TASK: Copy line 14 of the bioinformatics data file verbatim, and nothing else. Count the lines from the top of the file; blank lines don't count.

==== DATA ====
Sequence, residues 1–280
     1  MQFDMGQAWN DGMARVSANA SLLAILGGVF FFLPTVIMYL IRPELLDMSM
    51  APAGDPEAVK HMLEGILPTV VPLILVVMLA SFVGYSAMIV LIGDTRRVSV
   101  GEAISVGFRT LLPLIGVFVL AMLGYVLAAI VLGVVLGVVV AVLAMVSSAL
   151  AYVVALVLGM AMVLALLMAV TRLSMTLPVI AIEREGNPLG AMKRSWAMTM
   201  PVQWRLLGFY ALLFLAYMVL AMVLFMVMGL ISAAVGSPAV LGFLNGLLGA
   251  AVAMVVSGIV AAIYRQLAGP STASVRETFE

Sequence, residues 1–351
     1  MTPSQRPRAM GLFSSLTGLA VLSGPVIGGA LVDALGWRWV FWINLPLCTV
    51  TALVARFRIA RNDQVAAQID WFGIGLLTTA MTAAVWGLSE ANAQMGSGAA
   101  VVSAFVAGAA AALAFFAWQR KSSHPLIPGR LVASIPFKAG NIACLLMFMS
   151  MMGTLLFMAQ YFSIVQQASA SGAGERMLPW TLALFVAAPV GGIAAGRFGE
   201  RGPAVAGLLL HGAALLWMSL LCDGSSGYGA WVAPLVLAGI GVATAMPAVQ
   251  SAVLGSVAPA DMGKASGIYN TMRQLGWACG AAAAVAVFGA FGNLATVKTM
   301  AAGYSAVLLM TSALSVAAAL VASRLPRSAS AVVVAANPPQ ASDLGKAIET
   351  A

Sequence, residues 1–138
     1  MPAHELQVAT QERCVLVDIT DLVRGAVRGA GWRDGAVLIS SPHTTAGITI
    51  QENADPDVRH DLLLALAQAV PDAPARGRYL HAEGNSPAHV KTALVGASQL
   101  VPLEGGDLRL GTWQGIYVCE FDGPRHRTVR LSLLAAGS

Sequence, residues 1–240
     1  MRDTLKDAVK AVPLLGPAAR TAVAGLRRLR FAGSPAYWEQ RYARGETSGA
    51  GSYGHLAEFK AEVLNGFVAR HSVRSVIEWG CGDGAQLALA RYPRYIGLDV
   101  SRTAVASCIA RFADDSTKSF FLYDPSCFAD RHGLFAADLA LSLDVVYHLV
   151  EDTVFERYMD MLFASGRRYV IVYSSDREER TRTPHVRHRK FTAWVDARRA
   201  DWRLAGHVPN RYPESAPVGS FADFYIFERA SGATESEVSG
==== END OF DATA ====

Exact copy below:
   251  SAVLGSVAPA DMGKASGIYN TMRQLGWACG AAAAVAVFGA FGNLATVKTM